Hear Led Zeppelin’s Loose, Alternate Mix of ‘Rock and Roll’

English rock group Led Zeppelin performing at the Empire Pool, Wembley, London, 23rd November 1971. Left to right: Robert Plant, John Paul Jones, Jimmy Page and John Bonham (1948 - 1980). (Photo by Michael Putland/Getty Images)

English rock group Led Zeppelin performing at the Empire Pool, Wembley, London, 23rd November 1971. Left to right: Robert Plant, John Paul Jones, Jimmy Page and John Bonham (1948 – 1980). (Photo by Michael Putland/Getty

“As a song, it was actually kind of punky,” John Paul Jones says.

“It’s a lot of fun to play”

Later this month, Led Zeppelin will release deluxe reissues of 1971’s Led Zeppelin IV and 1973’s Houses Of The Holy. The latest installments of their year-long archival campaign, both were remastered by Zeppelin guitarist Jimmy Page and include a second disc of bonus, unreleased music.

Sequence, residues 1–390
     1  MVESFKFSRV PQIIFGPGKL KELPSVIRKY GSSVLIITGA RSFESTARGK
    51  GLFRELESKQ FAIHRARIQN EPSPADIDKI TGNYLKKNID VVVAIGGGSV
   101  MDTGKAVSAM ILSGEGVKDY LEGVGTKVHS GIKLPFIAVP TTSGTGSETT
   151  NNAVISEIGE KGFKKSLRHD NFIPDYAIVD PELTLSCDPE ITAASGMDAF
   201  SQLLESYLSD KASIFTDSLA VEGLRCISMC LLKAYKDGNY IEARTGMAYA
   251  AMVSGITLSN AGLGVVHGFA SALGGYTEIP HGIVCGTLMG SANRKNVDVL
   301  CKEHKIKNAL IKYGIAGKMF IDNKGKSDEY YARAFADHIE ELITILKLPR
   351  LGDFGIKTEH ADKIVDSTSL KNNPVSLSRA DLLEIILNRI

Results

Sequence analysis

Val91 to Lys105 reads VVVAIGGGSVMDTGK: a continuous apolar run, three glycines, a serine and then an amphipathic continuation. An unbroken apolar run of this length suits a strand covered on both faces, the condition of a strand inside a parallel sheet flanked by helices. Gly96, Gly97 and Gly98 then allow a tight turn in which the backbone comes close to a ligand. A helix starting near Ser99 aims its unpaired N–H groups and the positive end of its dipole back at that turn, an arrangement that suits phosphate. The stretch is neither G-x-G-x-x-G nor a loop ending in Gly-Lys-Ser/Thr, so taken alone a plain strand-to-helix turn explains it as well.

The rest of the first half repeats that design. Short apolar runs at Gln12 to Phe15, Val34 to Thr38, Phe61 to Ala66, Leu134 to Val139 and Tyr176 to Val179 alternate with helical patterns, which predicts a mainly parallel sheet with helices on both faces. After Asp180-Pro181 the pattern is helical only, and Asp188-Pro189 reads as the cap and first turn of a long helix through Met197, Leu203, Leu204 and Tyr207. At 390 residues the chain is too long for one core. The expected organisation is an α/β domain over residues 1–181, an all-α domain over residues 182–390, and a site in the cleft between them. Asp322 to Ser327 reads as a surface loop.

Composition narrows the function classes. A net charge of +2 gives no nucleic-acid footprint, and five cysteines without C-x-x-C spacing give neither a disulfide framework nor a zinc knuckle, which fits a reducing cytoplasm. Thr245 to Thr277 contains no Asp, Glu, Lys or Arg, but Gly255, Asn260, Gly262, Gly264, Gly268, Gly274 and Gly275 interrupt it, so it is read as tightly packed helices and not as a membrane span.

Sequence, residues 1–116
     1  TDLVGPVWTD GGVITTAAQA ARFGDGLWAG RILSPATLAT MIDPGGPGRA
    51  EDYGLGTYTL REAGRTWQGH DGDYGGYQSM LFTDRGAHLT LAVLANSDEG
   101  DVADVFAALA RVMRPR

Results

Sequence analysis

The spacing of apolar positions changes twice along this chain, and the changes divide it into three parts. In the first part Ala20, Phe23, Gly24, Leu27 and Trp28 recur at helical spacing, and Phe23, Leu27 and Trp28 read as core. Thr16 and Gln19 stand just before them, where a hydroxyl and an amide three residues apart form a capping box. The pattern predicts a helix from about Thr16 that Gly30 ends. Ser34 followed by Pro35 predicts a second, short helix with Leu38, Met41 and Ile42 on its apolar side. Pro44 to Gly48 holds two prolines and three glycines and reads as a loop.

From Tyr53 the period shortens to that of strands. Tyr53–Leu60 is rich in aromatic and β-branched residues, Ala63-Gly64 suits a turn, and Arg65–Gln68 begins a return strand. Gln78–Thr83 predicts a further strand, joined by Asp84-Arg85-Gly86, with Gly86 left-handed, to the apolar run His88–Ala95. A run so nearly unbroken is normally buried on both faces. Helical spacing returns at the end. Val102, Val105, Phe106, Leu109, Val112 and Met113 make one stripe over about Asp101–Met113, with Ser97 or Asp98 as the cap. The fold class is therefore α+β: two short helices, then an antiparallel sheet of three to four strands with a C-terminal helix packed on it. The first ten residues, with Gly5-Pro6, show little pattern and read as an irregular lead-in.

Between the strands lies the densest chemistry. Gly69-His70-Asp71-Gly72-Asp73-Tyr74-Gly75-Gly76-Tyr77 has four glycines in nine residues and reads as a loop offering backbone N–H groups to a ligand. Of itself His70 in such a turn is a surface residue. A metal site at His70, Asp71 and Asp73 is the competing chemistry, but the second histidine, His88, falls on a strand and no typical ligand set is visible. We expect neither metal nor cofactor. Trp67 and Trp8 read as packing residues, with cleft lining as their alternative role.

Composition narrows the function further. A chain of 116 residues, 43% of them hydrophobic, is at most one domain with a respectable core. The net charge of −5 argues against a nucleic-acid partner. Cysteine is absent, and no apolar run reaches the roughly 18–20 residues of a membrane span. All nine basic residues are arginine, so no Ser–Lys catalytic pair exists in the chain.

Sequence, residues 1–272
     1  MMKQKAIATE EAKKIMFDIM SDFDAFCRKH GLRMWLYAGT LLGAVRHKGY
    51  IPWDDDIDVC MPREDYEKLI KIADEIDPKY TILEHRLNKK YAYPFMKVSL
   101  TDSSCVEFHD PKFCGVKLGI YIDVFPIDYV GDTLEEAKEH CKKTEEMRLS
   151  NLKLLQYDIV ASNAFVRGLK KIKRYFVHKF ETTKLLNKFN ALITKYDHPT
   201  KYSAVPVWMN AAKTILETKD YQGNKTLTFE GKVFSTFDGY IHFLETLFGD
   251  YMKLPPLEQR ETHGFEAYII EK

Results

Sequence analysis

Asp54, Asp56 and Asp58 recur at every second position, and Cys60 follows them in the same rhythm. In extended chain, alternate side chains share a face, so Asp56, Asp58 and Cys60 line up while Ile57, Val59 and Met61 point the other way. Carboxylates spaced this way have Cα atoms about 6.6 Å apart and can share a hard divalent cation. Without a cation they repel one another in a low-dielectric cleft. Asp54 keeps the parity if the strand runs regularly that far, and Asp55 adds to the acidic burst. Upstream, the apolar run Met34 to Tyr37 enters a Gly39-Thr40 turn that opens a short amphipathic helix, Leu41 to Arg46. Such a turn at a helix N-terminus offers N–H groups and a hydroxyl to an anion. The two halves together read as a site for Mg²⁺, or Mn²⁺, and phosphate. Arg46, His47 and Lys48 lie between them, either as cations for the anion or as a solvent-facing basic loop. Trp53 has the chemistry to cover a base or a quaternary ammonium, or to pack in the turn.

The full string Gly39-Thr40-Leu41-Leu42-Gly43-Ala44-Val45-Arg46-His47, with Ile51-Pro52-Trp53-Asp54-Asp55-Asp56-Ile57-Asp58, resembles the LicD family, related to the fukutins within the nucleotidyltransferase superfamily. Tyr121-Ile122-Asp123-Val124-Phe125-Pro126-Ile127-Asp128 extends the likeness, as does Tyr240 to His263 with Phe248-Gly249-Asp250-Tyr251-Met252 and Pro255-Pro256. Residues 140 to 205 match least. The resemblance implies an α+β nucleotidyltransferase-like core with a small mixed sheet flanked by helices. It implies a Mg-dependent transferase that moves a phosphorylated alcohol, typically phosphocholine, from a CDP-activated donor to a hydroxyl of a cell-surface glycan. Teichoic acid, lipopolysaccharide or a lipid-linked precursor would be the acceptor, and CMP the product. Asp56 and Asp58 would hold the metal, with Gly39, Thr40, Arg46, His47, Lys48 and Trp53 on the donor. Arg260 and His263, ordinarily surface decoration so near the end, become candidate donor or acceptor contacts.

Already we’ve heard a grittier version of Led Zeppelin IV‘s “Black Dog” and a stripped-down rendering of “The Rain Song” off Houses Of The Holy. Now, comes an alternate rendition of the Led Zeppelin IV track “Rock and Roll”. Here, a different mix of guitars evokes a somewhat softer, less dynamic tone. It doesn’t shift the song into a new direction per se, but this take certainly doesn’t wield the sweltering oomph of the final track we all know and love today.

Page spoke to Rolling Stone about the song’s undeniable exuberance, saying, “‘Rock and Roll’ has just got that cheeky energy about it. It’s a party. ‘It’s been a long time since I rock and rolled.’ It says it all, really. It’s great lyrics and it’s a great performance.”